While the appropriate components of inventory system 10 complete assigned tasks, management module 15 may interact with the relevant components to ensure the efficient use of space, equipment, manpower, and other resources available to inventory system 10. As one specific example of such interaction, management module 15 is responsible, in particular embodiments, for planning the paths mobile drive units 20 take when moving within workspace 70 and for allocating use of a particular portion of workspace 70 to a particular mobile drive unit 20 for purposes of completing an assigned task. In such embodiments, mobile drive units 20 may, in response to being assigned a task, request a path to a particular destination associated with the task. Moreover, while the description below focuses on one or more embodiments in which mobile drive unit 20 requests paths from management module 15, mobile drive unit 20 may, in alternative embodiments, generate its own paths.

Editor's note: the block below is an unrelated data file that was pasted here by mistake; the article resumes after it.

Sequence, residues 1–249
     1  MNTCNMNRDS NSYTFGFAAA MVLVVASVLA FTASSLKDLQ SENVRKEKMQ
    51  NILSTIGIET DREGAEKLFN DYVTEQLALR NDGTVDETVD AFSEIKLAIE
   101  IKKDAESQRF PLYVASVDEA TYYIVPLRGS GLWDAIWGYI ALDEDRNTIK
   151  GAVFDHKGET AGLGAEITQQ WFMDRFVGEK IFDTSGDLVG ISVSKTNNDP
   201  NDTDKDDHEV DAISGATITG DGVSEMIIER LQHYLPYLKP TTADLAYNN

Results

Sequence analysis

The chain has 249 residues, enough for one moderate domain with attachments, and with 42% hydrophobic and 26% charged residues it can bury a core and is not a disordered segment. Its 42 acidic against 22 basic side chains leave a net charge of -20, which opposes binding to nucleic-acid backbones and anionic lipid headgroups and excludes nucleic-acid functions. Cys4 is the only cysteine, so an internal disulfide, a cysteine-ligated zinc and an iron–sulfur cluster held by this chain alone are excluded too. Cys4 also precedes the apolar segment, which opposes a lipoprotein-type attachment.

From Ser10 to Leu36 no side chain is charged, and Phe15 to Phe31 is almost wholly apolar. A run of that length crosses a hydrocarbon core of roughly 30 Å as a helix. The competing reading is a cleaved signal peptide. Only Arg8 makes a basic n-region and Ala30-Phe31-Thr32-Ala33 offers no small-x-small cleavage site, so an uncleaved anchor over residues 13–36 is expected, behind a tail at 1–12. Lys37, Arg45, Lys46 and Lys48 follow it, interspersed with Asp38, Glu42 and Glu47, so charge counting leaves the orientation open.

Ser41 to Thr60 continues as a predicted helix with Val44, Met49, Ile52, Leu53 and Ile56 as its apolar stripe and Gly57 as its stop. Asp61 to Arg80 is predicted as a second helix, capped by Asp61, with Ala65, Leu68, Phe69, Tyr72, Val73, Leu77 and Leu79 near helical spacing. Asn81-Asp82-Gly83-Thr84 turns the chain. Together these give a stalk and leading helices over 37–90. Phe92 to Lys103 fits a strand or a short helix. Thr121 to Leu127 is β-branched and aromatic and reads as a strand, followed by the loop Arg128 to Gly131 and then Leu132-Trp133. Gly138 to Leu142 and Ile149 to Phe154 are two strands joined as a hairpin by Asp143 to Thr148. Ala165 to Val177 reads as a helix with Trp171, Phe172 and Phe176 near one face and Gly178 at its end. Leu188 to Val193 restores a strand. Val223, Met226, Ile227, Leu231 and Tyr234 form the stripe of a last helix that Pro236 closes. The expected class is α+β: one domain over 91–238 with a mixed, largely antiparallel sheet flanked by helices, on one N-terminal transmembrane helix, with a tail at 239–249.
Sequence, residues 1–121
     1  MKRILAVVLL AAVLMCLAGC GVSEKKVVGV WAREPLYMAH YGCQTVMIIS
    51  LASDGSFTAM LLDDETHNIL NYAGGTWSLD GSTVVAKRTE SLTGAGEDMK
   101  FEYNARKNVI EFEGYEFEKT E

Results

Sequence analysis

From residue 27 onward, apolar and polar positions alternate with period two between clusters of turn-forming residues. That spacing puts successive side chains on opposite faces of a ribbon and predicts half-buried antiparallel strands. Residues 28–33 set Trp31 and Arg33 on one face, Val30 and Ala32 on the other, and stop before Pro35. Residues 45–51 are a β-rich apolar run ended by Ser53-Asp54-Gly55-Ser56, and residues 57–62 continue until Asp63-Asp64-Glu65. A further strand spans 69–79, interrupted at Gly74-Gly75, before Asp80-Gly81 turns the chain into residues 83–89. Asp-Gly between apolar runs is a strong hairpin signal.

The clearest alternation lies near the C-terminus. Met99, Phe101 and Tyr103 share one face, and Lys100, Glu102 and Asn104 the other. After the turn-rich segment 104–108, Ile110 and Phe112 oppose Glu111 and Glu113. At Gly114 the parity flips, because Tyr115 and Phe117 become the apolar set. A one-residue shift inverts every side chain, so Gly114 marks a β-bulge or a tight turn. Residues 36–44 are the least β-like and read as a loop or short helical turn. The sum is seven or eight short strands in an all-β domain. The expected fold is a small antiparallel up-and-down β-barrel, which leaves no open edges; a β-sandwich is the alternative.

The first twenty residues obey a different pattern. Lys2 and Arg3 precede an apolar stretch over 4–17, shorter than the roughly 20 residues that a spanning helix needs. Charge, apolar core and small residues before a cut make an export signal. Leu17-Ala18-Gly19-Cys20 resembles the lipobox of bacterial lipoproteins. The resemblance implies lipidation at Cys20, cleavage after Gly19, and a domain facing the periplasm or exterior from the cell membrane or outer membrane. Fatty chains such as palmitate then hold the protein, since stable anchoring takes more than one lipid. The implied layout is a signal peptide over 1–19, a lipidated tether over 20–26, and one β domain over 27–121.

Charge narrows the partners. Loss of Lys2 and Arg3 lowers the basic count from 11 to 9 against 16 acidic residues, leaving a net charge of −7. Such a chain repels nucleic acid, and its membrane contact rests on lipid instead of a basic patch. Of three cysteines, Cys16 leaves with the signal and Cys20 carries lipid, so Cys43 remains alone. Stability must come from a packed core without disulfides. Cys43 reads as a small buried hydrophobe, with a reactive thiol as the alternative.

Components of inventory system 10 may provide information to management module 15 regarding their current state, other components of inventory system 10 with which they are interacting, and/or other conditions relevant to the operation of inventory system 10. This may allow management module 15 to utilize feedback from the relevant components to update algorithm parameters, adjust policies, or otherwise modify its decision-making to respond to changes in operating conditions or the occurrence of particular events.